Has the New Baby Sparked Sibling Rivalry?
ANSWER: Your daughter is expressing positive feelings toward her new sibling, while guarding her turf, too. It is natural at this age that she would protect her things and want to hang around inside the home during this period of acclimation.
Your description does not paint a picture of insecurity, but rather one of attentiveness to change. Do not worry, these are signs of healthy adjustment!
It is possible that your three-year-old would benefit from new friendships at this time. However, pushing her toward others before she has fully adapted to her new environment with the baby, or expecting her to begin sharing her toys with others, might just backfire. Take it slow. Consider inviting a little friend over for a play date, perhaps from her ballet class if she shows interest. But be aware that your anxiety may be emotionally charged, if you feel guilty about not being able to spend the kind of time with her that you did in the past.
It is likely that some part of your anxiety is an expression of your own postpartum adjustment. After all, you have lost some of the time you no doubt enjoyed spending with your daughter and may be missing the one-on-one relationship you once had. Your relationship with your first child has changed irrevocably when you had a second baby. Many mothers feel this adjustment to be more difficult than subsequent children because of the quality of undivided attention you can give one child, which is forever altered when additional members arrive on the family scene.
Your daughter's retreat to her room could be, in part, her way of dealing with the change in the one-on-one attention she used to enjoy from you. Children, too, can experience a kind of "postpartum letdown" with all that is new and different in their lives.
Be proactive in giving her ways to help you and be involved in activities with you and the new baby. Bringing you a diaper, talking and playing with the baby during a diaper change, and organizing activities that keep her in the same room with you can help, such as baking cookies. Or she can draw a picture of her new family while sitting next to you. This may assure her that she is an active participant and irreplaceable member of the new family constellation, despite the changes!
Special time with dad and one-on-one time with mom are definitely in order for your little girl. Let her know that there are periods in the day that she will get your full and undivided attention. A nighttime story, a weekend visit to the library or other activities for just the two of you will further ensure her adjustment as well as your own.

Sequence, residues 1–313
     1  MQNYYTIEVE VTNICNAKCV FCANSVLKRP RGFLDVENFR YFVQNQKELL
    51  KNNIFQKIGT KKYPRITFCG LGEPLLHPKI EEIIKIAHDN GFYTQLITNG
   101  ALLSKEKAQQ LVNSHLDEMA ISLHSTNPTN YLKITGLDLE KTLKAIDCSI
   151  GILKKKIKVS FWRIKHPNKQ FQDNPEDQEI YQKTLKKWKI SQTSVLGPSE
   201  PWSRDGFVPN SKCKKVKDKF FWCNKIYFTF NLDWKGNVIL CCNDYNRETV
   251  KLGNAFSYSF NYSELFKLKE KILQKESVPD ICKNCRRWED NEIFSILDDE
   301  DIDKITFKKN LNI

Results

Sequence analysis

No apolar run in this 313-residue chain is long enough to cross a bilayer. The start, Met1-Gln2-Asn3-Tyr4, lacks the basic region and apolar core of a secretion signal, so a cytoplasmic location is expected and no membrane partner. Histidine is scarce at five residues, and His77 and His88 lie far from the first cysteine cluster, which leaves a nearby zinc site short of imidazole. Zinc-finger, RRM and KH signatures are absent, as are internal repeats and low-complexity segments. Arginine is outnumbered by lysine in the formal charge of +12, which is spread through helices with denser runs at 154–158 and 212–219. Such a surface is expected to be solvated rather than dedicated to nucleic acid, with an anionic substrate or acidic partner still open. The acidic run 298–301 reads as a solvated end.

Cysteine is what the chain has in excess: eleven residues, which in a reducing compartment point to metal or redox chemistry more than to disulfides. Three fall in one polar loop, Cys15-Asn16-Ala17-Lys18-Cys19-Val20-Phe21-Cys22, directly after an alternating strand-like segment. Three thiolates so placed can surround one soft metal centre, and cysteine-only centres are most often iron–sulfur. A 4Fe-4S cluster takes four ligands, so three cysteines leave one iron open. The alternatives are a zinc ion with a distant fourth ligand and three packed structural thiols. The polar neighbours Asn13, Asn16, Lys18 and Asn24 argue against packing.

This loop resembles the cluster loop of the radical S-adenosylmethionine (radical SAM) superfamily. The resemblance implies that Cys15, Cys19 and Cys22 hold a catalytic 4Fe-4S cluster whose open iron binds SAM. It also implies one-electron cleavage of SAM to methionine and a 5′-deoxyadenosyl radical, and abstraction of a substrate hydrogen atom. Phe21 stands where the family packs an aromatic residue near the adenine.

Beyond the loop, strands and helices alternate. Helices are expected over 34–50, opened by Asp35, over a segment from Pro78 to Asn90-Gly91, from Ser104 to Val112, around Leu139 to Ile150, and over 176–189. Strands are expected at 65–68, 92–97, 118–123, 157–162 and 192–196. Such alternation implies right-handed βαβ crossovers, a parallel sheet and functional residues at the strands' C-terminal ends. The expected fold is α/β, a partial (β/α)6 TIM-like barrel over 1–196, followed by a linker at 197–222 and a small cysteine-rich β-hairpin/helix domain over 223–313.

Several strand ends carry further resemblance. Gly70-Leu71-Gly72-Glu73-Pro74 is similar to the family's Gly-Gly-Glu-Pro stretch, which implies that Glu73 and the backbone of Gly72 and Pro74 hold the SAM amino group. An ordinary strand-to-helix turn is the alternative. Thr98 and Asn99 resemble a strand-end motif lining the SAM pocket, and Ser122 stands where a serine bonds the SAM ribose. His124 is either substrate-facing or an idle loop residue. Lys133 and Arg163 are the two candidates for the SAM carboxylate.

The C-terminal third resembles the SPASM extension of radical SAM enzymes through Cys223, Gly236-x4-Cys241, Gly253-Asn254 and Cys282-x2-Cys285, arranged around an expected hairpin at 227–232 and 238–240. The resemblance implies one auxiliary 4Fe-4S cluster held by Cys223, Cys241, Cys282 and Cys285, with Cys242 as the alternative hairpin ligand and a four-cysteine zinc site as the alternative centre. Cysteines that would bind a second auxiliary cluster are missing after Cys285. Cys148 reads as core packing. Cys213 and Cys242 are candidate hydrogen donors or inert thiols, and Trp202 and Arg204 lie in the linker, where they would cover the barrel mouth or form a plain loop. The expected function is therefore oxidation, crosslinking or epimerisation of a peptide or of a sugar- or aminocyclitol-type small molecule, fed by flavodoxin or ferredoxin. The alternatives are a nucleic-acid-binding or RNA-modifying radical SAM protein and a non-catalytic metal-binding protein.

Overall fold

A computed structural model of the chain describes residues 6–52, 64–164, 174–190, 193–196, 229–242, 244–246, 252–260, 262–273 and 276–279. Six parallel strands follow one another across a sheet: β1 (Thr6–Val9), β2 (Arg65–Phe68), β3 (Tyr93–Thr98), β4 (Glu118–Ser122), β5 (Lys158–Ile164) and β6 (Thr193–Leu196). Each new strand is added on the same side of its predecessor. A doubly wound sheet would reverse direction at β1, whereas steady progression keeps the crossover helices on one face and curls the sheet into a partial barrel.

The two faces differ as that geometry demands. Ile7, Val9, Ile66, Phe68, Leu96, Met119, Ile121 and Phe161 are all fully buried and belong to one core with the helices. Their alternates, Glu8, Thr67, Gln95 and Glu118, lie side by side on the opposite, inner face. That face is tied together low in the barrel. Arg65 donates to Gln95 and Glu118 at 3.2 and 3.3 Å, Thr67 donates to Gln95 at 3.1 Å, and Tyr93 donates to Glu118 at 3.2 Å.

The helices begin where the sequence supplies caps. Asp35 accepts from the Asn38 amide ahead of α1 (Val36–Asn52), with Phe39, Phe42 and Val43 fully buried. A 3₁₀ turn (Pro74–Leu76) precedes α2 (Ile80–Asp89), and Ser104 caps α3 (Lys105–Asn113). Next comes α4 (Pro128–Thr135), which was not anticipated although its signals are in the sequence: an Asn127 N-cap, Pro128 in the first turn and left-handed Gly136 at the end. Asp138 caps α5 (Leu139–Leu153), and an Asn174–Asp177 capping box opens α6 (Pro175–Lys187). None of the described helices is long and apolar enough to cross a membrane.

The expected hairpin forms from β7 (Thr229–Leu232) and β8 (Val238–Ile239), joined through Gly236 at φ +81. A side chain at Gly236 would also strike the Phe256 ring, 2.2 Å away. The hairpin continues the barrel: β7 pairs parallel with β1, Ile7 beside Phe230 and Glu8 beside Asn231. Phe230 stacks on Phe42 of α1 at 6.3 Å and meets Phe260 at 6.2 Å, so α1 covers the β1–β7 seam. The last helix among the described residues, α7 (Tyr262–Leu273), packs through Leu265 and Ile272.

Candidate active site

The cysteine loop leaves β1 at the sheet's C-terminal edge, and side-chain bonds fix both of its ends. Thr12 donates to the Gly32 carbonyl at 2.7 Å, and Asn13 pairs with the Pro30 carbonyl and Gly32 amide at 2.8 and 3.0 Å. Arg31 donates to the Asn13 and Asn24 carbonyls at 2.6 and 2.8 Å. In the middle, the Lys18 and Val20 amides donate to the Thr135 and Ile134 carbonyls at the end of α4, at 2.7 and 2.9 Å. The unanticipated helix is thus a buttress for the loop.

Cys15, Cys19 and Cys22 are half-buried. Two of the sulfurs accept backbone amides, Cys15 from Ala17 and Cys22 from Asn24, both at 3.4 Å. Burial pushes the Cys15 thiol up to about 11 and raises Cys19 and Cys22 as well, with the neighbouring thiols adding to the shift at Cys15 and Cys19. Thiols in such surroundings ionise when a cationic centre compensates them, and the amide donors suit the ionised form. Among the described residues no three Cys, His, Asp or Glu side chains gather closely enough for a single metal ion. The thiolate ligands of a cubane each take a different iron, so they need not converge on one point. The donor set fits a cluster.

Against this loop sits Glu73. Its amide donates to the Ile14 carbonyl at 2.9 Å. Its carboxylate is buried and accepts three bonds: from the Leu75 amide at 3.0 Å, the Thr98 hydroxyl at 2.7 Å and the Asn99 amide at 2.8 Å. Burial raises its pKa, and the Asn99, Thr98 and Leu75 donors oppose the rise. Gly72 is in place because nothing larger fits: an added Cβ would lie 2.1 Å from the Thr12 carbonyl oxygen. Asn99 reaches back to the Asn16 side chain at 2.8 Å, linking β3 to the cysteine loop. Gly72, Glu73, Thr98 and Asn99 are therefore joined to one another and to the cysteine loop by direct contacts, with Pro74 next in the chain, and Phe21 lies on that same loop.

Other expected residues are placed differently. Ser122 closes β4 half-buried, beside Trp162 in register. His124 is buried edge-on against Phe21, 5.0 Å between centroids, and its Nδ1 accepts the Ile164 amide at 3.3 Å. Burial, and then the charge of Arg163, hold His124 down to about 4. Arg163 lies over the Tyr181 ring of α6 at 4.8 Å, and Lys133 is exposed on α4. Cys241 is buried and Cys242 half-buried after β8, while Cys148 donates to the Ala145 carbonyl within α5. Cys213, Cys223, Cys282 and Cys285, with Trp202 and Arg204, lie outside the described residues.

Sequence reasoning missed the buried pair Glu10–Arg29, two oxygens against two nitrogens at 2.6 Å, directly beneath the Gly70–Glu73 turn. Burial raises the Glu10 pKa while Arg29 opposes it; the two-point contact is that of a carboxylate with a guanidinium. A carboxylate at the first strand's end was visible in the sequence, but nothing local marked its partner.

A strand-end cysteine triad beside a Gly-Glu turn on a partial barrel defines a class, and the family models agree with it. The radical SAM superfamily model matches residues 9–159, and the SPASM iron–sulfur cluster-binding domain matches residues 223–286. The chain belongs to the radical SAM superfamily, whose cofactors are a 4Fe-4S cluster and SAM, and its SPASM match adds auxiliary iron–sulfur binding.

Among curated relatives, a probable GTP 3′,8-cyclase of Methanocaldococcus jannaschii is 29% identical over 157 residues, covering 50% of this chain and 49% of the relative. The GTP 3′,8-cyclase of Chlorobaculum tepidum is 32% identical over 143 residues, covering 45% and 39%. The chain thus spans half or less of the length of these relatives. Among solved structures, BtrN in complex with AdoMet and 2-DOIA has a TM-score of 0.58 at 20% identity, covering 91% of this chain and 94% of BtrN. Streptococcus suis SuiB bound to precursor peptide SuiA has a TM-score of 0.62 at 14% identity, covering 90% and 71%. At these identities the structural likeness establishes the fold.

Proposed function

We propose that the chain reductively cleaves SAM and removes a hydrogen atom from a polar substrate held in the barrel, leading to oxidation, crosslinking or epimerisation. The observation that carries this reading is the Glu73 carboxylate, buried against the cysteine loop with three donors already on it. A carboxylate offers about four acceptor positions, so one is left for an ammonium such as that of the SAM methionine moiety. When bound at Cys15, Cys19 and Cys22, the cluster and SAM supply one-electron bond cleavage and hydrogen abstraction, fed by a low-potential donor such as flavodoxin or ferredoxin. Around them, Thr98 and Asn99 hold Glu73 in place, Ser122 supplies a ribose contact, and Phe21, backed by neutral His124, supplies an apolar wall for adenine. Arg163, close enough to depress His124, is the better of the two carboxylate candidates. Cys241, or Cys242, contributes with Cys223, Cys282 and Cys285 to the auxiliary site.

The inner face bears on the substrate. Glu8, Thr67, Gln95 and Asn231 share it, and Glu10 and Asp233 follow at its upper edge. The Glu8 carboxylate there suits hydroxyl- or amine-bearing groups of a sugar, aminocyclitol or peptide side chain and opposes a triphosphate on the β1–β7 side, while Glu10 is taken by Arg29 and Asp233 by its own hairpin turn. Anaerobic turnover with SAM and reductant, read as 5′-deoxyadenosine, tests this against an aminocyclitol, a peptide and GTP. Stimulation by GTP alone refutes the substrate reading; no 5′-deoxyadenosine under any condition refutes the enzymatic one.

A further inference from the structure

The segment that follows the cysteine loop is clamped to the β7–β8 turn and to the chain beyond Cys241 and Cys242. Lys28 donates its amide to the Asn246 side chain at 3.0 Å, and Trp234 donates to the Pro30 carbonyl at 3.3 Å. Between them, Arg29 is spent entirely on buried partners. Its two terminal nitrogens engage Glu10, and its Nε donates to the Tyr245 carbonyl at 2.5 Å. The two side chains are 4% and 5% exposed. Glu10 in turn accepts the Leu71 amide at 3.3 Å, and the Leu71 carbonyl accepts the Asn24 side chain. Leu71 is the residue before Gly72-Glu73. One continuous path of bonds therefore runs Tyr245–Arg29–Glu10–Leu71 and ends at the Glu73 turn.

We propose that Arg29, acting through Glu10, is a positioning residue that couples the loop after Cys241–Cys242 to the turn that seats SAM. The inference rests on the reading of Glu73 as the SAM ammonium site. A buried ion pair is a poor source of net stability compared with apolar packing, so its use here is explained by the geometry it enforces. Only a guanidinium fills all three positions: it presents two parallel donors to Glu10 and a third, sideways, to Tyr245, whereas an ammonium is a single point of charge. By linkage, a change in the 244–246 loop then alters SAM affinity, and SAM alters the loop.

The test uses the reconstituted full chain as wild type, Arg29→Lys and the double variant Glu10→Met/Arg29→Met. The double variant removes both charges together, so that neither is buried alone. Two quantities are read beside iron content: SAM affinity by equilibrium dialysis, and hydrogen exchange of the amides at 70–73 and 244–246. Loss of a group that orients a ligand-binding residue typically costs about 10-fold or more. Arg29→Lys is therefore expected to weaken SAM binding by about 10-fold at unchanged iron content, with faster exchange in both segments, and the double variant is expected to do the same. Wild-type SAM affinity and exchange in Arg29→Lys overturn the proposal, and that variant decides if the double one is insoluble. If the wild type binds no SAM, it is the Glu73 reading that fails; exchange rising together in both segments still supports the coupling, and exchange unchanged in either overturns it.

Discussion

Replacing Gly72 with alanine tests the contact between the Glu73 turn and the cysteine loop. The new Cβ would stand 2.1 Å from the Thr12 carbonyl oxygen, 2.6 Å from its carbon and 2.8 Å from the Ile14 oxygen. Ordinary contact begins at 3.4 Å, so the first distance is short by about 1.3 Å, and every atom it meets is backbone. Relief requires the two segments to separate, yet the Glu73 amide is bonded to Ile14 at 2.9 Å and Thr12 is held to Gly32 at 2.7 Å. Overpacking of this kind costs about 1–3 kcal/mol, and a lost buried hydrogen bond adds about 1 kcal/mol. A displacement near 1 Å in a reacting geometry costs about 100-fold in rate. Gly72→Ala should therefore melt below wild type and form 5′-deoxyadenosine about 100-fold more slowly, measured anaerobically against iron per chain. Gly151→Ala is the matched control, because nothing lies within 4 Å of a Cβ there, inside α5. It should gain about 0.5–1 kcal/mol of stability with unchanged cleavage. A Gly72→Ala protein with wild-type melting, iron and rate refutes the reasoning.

The three months following the birth of a child is termed the postpartum period for a reason. Your hormones are rearranging your body (and moods!), which can make you vulnerable to increased anxiety or even the blues. Let the dust settle, before interpreting your child's changes in a negative light.
Gayle Peterson, MSSW, LCSW, PhD is a family therapist specializing in prenatal and family development. She trains professionals in her prenatal counseling model and is the author of An Easier Childbirth, Birthing Normally and her latest book, Making Healthy Families. Her articles on family relationships appear in professional journals and she is an oft-quoted expert in popular magazines such as Woman's Day, Mothering and Parenting. . She also serves on the advisory board for Fit Pregnancy Magazine.
Dr. Gayle Peterson has written family columns for ParentsPlace.com, igrandparents.com, the Bay Area's Parents Press newspaper and the Sierra Foothill's Family Post. She has also hosted a live radio show, "Ask Dr. Gayle" on www.ivillage.com, answering questions on family relationships and parenting. Dr. Peterson has appeared on numerous radio and television interviews including Canadian broadcast as a family and communications expert in the twelve part documentary "Baby's Best Chance". She is former clinical director of the Holistic Health Program at John F. Kennedy University in Northern California and adjunct faculty at the California Institute for Integral Studies in San Francisco. A national public speaker on women's issues and family development, Gayle Peterson practices psychotherapy in Oakland, California and Nevada City, California. She also offers an online certification training program in Prenatal Counseling and Birth Hypnosis. Gayle and is a wife, mother of two adult children and a proud grandmother of three lively boys and one sparkling granddaughter.
Copyright 1996-2003. Gayle Peterson All rights reserved.